DARWINISM IS the core idea of modern evolutionary theory variously called neo-Darwinism or modern synthesis. However, even after 150 years of its publication, the theory remains controversial in many ways. In spite of that, the scientific and popular media propagate it as an accepted scientific theory. When a respectable daily like The Hindu writes an editorial in favour of Darwinism (May 3), it can ring a bell with many readers. Darwinism states that species evolved through gradual changes in the old. Evolutionists interpret the results of their studies to suit this assumption. In spite of the fact that evolutionists have the required molecular tools to alter the genetic make-up of an organism (the genome), they have not been able to change a simple organism like fungus into an equally simple organism like bacterium. But they continue to blindly support the idea of evolution through gradual change. Whoever opposes Darwinism is silenced.

Blind support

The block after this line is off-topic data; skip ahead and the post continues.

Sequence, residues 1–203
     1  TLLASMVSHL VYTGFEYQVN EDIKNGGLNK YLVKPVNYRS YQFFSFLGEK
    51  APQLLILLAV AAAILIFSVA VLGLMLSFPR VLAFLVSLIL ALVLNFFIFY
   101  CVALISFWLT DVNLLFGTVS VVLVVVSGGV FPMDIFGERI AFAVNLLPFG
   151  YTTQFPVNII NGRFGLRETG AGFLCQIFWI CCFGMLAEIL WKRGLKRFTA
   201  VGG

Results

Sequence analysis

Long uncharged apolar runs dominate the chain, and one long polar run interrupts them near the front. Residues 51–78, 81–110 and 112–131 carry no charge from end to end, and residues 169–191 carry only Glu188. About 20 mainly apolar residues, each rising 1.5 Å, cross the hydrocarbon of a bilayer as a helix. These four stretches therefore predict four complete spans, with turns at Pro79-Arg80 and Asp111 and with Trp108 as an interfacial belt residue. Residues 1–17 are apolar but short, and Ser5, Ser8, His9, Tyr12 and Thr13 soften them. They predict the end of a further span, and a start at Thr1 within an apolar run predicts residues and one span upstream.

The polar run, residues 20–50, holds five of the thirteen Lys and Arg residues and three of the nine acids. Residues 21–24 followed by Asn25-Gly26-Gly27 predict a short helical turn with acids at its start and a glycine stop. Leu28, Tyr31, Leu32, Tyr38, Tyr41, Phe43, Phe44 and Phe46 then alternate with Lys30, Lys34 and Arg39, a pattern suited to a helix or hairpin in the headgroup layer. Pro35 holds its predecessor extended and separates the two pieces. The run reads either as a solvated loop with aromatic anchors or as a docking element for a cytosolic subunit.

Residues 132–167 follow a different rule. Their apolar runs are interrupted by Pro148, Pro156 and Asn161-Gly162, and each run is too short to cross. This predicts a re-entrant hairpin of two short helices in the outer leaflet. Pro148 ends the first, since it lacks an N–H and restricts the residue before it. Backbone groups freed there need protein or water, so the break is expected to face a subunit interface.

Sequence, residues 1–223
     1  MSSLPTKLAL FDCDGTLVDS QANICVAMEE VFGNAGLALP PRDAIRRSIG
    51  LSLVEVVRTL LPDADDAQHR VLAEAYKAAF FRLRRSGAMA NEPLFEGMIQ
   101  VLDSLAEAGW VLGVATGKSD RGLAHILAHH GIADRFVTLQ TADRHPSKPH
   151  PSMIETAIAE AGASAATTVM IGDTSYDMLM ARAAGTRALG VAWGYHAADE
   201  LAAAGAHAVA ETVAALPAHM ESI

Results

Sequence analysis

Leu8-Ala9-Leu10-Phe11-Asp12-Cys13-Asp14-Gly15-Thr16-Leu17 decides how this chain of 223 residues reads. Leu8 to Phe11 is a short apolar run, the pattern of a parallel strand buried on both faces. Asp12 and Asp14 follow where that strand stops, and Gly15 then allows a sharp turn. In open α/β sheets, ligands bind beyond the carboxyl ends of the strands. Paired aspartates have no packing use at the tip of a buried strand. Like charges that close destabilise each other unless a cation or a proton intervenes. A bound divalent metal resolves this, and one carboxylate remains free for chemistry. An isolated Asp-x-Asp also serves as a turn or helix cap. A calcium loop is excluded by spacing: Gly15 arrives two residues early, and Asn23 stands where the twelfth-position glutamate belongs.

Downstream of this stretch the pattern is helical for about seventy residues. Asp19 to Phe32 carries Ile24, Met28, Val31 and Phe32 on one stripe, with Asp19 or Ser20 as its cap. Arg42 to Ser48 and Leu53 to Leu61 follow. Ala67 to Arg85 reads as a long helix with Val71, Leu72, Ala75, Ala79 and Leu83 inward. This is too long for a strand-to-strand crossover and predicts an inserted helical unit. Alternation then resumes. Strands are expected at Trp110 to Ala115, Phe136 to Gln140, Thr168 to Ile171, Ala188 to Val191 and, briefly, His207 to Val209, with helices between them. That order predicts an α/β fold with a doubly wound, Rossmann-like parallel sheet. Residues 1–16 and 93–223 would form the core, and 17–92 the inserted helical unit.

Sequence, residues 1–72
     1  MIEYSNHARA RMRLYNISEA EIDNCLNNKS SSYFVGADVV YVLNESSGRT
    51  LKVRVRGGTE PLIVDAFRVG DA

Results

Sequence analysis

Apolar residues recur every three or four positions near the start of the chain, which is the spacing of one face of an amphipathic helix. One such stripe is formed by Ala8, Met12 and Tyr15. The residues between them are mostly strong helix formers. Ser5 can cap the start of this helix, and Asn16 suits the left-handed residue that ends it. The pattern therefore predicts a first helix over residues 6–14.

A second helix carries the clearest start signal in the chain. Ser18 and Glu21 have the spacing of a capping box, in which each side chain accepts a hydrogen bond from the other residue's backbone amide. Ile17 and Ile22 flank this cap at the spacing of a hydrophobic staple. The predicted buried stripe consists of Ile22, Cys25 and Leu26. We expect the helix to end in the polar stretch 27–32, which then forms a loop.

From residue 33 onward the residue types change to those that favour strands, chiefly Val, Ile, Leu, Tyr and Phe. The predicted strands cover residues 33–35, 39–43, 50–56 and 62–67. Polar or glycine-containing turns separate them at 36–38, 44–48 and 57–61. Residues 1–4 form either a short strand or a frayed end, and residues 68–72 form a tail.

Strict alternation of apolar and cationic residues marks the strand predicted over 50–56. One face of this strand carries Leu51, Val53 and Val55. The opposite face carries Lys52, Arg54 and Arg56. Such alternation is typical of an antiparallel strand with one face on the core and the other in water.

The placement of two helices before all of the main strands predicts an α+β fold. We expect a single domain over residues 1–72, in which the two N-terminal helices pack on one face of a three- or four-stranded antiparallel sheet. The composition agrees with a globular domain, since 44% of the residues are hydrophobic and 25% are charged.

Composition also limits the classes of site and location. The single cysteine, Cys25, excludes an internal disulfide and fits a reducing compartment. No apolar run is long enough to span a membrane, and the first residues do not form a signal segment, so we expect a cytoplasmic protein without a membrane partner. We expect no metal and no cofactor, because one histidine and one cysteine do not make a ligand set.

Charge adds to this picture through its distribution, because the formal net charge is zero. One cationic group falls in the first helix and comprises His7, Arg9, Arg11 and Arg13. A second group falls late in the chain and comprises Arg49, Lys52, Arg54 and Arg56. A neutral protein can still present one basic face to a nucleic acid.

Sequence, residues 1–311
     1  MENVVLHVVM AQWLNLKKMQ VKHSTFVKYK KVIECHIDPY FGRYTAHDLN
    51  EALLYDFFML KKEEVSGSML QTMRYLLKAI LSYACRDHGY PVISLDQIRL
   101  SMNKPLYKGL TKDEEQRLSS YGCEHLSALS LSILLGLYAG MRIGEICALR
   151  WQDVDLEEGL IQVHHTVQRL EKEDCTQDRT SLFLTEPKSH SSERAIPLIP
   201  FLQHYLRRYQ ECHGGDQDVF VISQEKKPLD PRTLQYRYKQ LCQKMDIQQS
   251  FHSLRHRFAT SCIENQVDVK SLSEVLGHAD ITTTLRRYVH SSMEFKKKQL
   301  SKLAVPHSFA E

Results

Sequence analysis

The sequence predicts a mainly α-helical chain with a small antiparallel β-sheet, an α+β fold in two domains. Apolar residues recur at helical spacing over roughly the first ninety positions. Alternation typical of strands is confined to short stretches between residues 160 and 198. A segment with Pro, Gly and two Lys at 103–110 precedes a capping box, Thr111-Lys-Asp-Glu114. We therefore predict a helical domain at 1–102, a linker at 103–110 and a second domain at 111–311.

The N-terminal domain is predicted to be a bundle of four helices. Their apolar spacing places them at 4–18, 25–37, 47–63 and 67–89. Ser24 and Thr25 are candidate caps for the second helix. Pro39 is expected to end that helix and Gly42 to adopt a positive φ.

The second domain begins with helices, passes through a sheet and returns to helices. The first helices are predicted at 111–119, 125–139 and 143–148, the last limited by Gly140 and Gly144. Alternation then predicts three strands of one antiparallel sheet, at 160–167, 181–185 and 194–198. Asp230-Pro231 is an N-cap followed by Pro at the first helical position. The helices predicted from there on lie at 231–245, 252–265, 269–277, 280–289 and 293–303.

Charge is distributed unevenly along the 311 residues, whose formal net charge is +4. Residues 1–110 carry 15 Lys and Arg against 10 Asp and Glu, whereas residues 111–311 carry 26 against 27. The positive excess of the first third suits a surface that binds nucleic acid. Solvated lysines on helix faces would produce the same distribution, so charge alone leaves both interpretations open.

When Pierre P. Grasse, the most distinguished of French zoologists, editor of the 28 volumes of Traite de Zoologie, and ex-president of the Academie des Sciences, made a frontal attack on all kinds of Darwinism in his book L'Evolution du Vivant, Darwinists called him wrong. Grasse has not gone wrong due to ignorance but as a well-known neo-Darwinist Dobzhansky said, "the most distinguished of French zoologists did not understand the rules of scientific reasoning!" This remark about a card-carrying biologist speaks volumes about Darwinists' blind support to the theory. The current excitement in evolutionary biology is over the discovery of a fish species Tiktaalik roseae published in the April 6 issue of the journal Nature. It was a predator with sharp teeth, a crocodile-like head and a 4 to 9 feet long flattened body that is thought to have lived in shallow streams about 375 million years ago. The fossils, scientists argue, show how the fish's pectoral fins evolved into the limbs of tetrapods, or four-limbed animals. Evolutionists are hailing this newfound species as the "missing link" between the aquatic and terrestrial organisms. What Darwin proposed as the transitional forms were not fully developed species but organisms with structures in various stages of development. Darwin himself had admitted that the transitional forms predicted by his theory were not present in the fossil record. "Lastly, looking not to any one time, but to all time, if my theory be true, numberless intermediate varieties, linking most closely all the species of the same group together, must assuredly have existed... Consequently evidence of their former existence could be found only amongst fossil remains... Geology assuredly does not reveal any such finely graduated organic chain; and this, perhaps, is the most obvious and gravest objection which can be urged against my theory. The explanation lies, as I believe, in the extreme imperfection of the geological record... " Darwin's declaration of the incompleteness of the fossil record created a very sticky situation in evolutionary biology; one group of evolutionists started trying to establish the incompleteness of the fossil record, and the other group started considering the fossil species as transitional forms ignoring Darwin's view. The discovery of Tiktaalik fish fossil as the missing link between aquatic and terrestrial forms of life belongs to the latter category. The claim would have stirred Darwin in his grave, because to him it is not a missing link. In 1972 Niles Eldredge and Stephen Jay Gould questioned the idea of gradualism by proposing a different model called `punctuated equilibrium' (PE) based on fossil record. It stated that there was sudden appearance of new species in the fossil record punctuated by long periods of species stability. The PE does not support gradualism which is the backbone of Darwin's theory. Naturally, the gradualists attacked the PE. As Motoo Kimura who proposed the neutral theory against Darwinism remarked: "Looking back, I think that it is a curious human nature that if a certain doctrine is constantly being spoken of favourably by the majority endorsed by top authorities in their books and taught in classes, then a belief is gradually built up in one's mind, eventually becoming the guiding principle and the basis of value judgment." That sums up what Darwin's theory is.